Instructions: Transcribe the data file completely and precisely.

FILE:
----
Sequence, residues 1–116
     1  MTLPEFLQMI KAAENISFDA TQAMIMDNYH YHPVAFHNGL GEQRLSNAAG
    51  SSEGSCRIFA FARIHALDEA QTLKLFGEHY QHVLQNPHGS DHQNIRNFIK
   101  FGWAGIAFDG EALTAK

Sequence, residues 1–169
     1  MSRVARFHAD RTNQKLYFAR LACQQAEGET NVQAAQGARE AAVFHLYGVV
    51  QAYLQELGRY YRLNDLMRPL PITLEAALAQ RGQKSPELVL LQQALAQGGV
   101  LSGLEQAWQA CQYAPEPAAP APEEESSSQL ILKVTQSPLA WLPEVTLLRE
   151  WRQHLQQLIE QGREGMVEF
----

Sequence, residues 1–116
     1  MTLPEFLQMI KAAENISFDA TQAMIMDNYH YHPVAFHNGL GEQRLSNAAG
    51  SSEGSCRIFA FARIHALDEA QTLKLFGEHY QHVLQNPHGS DHQNIRNFIK
   101  FGWAGIAFDG EALTAK

Sequence, residues 1–169
     1  MSRVARFHAD RTNQKLYFAR LACQQAEGET NVQAAQGARE AAVFHLYGVV
    51  QAYLQELGRY YRLNDLMRPL PITLEAALAQ RGQKSPELVL LQQALAQGGV
   101  LSGLEQAWQA CQYAPEPAAP APEEESSSQL ILKVTQSPLA WLPEVTLLRE
   151  WRQHLQQLIE QGREGMVEF